STILLWATER — Once again parents and a community are left to grieve and grapple with questions after a young person violently ended his life.
Cade Poulos, 13, shot himself in the head with a handgun 10 minutes before the morning bell Wednesday morning at Stillwater Junior High School, sending shocked students fleeing the grisly scene in a school hallway. His very public death highlighted the problem of teen suicide in a state that far exceeds the national average for this problem.
Suicide is the second-leading cause of death for Oklahomans ages 10-24, according to the state Health Department.
It's a complex problem requiring community involvement, said Ken Elliott, a licensed family and marriage counselor who serves as co-chairman of a suicide prevention task force in Edmond.
The task force has been around for several years, but after a rash of youth suicides in January — three in three weeks, one of them an eighth-grader — it began taking on a new prominence.
“Suicide cuts across all places of worship, places of work, public and private schools — it's a community tragedy,” Elliott said. “We as people tend to be too judgmental and too quick to decide, ‘Oh, it's a school problem,' or, ‘Oh, that's a bullying problem,' but it's not. It's more complicated than that.”
Bullying became a question after Wednesday's shooting in Stillwater, with numerous comments posted on a memorial Facebook page for Poulos. Most criticized the school for failing to protect its students. None, however, named a specific act of bullying waged against the eighth-grader. Authorities said they were investigating the possibility of bullying but said there were no official records that he had been bullied.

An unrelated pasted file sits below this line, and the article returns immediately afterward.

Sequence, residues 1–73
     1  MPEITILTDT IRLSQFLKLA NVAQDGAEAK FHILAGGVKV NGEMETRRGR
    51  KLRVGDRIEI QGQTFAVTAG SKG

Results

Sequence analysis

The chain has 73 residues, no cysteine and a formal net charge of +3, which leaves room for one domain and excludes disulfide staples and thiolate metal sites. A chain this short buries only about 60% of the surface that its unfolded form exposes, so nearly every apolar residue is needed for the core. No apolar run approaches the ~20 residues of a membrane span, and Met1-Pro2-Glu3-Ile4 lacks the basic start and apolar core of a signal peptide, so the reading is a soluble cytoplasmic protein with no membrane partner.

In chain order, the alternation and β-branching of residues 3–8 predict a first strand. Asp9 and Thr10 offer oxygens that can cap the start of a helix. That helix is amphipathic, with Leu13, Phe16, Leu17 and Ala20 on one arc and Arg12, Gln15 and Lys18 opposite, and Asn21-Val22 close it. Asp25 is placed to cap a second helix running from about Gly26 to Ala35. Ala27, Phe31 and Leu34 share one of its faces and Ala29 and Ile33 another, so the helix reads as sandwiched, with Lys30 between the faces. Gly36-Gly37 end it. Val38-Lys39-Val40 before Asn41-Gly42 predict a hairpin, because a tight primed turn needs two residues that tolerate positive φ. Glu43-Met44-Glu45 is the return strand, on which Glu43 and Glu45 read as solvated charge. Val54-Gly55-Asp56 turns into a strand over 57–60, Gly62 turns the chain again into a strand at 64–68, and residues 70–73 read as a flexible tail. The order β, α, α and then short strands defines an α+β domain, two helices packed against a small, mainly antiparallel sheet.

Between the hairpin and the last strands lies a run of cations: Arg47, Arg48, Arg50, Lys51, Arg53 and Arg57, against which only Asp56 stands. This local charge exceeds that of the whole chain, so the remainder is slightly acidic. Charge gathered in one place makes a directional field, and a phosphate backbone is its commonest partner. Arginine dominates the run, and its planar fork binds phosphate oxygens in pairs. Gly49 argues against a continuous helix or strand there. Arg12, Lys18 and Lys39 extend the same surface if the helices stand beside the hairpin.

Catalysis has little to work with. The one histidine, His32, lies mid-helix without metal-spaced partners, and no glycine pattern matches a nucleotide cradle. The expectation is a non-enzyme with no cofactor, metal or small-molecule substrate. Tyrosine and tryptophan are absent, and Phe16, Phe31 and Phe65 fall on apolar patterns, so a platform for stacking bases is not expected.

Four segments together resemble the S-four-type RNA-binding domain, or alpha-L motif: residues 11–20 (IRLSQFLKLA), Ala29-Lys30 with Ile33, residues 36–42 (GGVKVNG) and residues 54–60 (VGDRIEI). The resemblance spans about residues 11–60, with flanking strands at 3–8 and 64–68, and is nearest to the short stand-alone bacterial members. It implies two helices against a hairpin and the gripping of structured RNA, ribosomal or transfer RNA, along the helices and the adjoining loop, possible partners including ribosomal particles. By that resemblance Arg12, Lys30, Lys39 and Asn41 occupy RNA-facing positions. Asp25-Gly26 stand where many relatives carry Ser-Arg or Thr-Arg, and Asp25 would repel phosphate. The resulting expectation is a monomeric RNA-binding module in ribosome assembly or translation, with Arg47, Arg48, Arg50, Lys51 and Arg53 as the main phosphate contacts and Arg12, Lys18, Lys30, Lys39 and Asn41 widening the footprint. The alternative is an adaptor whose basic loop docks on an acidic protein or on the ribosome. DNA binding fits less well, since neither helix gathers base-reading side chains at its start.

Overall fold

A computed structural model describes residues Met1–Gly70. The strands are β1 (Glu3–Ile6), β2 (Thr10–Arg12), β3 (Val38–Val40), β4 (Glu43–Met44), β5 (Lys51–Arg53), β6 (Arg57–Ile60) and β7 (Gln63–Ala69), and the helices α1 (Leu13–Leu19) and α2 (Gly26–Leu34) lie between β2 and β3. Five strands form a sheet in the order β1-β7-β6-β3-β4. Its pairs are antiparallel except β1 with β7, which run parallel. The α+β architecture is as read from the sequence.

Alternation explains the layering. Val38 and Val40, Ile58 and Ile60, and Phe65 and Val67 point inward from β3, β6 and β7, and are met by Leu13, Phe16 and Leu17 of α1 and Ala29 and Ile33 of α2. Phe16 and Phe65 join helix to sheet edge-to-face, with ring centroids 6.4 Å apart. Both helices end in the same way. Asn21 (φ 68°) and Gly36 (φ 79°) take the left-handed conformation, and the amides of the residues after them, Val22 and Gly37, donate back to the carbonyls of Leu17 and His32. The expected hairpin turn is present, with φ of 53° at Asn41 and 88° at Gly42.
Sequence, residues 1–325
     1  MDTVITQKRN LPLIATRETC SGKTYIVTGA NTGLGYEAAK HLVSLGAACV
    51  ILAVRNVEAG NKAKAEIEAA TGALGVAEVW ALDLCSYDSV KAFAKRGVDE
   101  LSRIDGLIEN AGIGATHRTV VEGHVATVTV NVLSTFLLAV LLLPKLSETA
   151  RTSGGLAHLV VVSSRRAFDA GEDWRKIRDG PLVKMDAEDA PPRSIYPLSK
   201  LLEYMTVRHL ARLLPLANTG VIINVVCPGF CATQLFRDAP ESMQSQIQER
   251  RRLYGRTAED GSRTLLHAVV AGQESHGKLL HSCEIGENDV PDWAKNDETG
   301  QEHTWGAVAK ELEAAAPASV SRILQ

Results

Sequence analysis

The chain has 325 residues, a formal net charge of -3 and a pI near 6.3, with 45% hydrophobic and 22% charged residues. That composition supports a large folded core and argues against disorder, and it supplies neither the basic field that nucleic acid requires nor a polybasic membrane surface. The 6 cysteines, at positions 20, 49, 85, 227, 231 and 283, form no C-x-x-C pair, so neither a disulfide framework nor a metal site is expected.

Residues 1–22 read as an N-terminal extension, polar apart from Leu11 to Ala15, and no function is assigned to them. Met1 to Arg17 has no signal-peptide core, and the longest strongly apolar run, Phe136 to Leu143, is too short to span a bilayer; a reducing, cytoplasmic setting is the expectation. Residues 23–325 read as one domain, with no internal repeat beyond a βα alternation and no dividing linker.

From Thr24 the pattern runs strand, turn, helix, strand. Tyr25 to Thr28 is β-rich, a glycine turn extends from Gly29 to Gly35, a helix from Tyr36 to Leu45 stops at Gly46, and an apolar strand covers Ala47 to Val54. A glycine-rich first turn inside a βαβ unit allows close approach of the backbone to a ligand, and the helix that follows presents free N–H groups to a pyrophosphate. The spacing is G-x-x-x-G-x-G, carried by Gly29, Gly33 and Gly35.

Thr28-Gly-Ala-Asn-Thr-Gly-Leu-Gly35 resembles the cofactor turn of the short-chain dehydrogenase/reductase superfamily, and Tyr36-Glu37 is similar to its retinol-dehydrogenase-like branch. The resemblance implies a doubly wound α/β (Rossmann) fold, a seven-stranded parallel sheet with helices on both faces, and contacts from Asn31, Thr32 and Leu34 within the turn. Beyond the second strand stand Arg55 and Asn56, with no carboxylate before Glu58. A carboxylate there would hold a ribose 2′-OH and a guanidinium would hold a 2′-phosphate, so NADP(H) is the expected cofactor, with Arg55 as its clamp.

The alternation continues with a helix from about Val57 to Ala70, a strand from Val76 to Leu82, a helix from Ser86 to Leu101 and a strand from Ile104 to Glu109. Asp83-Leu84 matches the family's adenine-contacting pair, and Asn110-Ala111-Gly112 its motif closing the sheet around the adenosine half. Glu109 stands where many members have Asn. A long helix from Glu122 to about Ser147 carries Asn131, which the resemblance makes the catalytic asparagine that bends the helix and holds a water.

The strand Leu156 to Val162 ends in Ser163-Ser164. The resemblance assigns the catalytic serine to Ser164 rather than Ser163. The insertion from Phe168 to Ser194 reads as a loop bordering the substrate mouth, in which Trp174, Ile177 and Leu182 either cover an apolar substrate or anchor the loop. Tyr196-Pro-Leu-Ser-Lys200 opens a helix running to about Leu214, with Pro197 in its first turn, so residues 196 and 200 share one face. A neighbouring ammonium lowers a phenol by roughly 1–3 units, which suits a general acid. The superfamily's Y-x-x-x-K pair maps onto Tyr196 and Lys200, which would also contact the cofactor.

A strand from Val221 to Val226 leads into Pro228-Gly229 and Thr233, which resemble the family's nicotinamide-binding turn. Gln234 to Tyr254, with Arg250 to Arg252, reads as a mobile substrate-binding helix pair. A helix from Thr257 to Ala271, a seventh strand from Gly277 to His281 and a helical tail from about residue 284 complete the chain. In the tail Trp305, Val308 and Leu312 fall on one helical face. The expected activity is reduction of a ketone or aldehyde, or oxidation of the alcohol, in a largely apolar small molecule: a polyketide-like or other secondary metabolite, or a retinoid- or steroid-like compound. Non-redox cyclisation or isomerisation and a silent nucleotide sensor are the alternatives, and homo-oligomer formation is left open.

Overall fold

Friend didn't see problems
Clairissa Mouton, a ninth-grader at Stillwater Junior High who was familiar with Poulos, said if there was bullying she never saw it. But her school, she said, is no different from others. Bullying, for some kids, is a problem. The junior high houses about 750 students in grades eight and nine.
“Sometimes younger kids and new kids and stuff that really don't know anyone yet, or kids that might not be as smart as anyone else — we're like other schools,” she said. “But if a teacher hears about someone being bullied then they go up to them, and the first week of school or something they always have an assembly and you hear about bullying.”
Mouton said she's seen plenty of joking, teasing and bullying at the school so far this year. But she never saw Poulos, described by school officials as a good student with a friendly smile and a shock of red hair, as a target.
“I know he was really happy and stuff in school. He never actually said he was bullied to anyone I know of,” she said. “But he didn't hang out with the really popular-popular kids; it was more like the normal groups. He was just kind of in the middle.”
State's suicide rate
The suicide rate among people ages 10 to 24 in Oklahoma is a moving target in any given year, but the recent average is just fewer than 10 incidents per 10,000 people. For every suicide, there are 100 to 200 unsuccessful attempts, according to the state Health Department.
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